One Mile of Walking Vs. Snowshoeing
Both walking and snowshoeing for one mile can provide beneficial exercise. If done at an aerobic pace, both activities can build strength, burn calories, improve your mental health and decrease your risk of injury and chronic disease. Walking and snowshoeing use the same muscles, but at different levels of intensity. Before embarking on either type of ambulation for exercise, talk to your health care provider, especially if you have any existing medical conditions.
Nearly everyone can participate in walking as a form of exercise. Whether one mile is your beginning point or your goal, this low-impact exercise is safe and easy. You can walk for a mile outdoors, on a treadmill or on an elliptical machine. The only necessary equipment is a pair of shoes, but it is important to get a pair of comfortable walking shoes that fit well. Choose a pair with flexible soles, good ankle support and cushioning for the soles of your feet.
Snowshoeing for one mile should be undertaken by people who are in at least moderately good health. Using snowshoes involves walking through snow with special equipment strapped to the bottom of your feet. Snowshoes have frames on the outside and webbing or lacing on the inside. This activity can be done outside your home, in a park or in a more remote area, as long as the area is covered in snow. Like walking, snowshoeing is low-impact and strengthens leg muscles. However, because of the need to raise your foot above snow depth with each step, your quadriceps and hip flexors receive a more intense workout.
If a 160-pound person takes 30 minutes to walk one mile, he will burn about 204 calories. The larger a person is and the faster he walks, the more calories he will burn. Snowshoeing for one mile in about 30 minutes burns an average of around 475 calories. For both activities, you will burn more calories if the course is uphill or if you are carrying weight, such as a backpack.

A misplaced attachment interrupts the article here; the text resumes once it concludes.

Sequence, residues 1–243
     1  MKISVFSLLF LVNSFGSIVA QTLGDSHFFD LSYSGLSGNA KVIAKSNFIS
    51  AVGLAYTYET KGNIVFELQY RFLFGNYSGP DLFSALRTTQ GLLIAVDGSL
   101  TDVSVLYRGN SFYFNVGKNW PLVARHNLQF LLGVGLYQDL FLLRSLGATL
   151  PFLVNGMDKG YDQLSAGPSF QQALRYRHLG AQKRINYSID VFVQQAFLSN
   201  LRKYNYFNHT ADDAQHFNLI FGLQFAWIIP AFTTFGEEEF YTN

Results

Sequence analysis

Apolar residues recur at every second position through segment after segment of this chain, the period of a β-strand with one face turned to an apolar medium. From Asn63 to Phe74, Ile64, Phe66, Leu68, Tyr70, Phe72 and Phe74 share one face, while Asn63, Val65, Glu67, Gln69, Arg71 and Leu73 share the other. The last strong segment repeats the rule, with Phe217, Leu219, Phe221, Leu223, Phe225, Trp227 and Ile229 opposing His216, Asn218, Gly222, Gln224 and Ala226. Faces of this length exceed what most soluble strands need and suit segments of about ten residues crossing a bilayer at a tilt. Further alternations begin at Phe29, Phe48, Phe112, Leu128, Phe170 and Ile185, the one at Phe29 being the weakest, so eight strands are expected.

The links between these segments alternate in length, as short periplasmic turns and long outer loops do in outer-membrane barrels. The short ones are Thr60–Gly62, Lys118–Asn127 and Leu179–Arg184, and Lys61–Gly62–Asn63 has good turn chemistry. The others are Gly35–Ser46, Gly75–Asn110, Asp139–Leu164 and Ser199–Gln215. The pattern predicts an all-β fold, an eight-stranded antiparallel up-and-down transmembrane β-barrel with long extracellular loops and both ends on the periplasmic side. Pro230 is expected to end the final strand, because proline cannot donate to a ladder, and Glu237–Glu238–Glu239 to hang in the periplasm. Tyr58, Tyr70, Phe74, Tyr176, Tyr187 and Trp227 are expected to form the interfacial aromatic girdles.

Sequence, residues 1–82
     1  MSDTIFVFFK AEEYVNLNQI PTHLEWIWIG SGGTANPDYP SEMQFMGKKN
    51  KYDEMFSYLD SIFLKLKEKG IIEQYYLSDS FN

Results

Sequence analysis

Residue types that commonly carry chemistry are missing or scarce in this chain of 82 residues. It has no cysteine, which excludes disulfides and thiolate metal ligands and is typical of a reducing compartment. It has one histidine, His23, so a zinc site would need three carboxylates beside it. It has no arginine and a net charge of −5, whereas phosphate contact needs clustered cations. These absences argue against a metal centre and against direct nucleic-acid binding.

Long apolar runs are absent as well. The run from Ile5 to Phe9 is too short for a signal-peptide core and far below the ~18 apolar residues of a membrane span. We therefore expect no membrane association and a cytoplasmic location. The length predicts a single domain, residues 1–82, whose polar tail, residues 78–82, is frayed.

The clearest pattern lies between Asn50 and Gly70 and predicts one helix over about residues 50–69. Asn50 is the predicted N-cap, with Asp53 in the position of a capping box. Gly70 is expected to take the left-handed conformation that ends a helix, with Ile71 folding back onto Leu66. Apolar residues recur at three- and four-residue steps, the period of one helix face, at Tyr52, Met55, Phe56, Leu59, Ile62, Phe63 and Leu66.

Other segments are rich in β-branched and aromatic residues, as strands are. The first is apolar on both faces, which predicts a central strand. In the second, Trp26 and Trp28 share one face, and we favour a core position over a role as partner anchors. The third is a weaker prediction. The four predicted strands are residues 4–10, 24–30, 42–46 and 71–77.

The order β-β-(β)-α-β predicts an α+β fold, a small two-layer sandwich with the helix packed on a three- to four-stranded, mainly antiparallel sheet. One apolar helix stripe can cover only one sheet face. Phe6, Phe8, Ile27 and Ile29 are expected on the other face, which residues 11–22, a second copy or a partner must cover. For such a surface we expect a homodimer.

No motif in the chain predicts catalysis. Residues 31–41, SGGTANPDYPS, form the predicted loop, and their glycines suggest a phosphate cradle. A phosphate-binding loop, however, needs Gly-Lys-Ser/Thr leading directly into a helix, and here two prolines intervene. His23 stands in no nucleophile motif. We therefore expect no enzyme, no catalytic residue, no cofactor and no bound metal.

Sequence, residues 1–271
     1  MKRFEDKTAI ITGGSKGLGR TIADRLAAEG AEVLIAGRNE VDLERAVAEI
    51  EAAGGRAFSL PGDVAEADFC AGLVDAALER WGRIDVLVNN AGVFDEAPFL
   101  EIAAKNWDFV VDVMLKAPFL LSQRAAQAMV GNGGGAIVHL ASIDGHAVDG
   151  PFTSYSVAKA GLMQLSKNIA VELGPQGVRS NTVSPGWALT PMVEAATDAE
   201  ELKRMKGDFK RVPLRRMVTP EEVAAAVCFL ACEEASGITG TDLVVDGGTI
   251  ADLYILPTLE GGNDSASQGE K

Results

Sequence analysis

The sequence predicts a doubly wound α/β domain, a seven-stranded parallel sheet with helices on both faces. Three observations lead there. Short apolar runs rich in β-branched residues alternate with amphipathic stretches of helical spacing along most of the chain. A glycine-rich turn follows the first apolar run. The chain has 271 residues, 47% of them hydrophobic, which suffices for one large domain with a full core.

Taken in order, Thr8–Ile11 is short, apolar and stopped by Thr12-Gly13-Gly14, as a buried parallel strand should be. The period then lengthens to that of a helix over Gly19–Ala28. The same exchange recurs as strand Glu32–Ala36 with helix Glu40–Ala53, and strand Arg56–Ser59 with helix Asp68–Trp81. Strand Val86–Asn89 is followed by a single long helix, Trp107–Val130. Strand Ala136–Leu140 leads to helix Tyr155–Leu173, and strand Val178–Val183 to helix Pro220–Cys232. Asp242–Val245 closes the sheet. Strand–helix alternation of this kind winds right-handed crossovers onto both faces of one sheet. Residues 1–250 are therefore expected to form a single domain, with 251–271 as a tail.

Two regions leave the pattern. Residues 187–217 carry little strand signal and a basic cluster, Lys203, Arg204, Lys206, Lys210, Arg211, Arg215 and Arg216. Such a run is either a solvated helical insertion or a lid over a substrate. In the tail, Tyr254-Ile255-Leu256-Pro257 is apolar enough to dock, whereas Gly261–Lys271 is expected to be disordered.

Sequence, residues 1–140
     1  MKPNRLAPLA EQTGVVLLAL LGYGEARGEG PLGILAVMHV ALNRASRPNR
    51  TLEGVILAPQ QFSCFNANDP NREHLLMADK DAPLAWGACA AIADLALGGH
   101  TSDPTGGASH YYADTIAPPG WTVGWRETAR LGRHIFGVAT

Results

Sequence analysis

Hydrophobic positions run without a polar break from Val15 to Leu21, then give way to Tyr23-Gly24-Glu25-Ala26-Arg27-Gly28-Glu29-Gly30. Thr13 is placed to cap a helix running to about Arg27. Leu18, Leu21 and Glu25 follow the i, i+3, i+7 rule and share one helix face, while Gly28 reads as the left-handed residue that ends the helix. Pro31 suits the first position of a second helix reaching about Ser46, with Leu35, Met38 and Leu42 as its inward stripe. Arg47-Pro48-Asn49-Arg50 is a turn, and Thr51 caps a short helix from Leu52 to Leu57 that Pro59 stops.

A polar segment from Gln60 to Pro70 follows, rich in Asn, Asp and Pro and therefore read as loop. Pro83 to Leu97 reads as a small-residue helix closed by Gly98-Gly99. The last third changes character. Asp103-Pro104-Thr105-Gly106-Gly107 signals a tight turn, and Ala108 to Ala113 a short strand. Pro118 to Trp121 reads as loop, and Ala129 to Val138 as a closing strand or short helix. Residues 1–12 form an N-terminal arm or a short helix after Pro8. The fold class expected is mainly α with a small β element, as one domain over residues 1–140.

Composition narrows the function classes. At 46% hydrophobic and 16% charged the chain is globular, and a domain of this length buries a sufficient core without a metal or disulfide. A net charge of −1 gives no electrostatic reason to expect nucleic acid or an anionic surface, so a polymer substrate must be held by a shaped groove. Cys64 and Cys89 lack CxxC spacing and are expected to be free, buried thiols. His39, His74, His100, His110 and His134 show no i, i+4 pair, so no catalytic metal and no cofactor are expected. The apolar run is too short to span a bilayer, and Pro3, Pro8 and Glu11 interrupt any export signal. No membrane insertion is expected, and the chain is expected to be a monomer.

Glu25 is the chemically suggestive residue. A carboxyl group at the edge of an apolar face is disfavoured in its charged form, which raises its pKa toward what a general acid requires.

To prepare yourself for snowshoeing, try exercising on an elliptical trainer. The high steps used on this machine are similar to the type of walking done during snowshoeing. You can buy new or used snowshoes, or rent them from a store that carries sports equipment. Wear waterproof boots with nonabsorbent socks. Wear sunscreen and sunglasses when snowshoeing during the day, as the sun’s rays can affect you both directly and by reflecting off the snow.
- Mayo Clinic: Walking: Trim Your Waistline, Improve Your Health
- Mayo Clinic: Exercise for Weight Loss: Calories Burned in 1 Hour
- Journal of Exercise Physiology Online: Physiological Responses to Snowshoeing
- The President’s Council on Physical Fitness and Sports: Snowshoeing
- Purdue University North Central: Winter Sports/Exercise
Susan Presley has worked in health care journalism since 2007, and has been published in the American Journal of Nursing and other academic periodicals. She received her Bachelor of Arts from Truman State University and a Master of Divinity degree from Louisville Presbyterian Theological Seminary.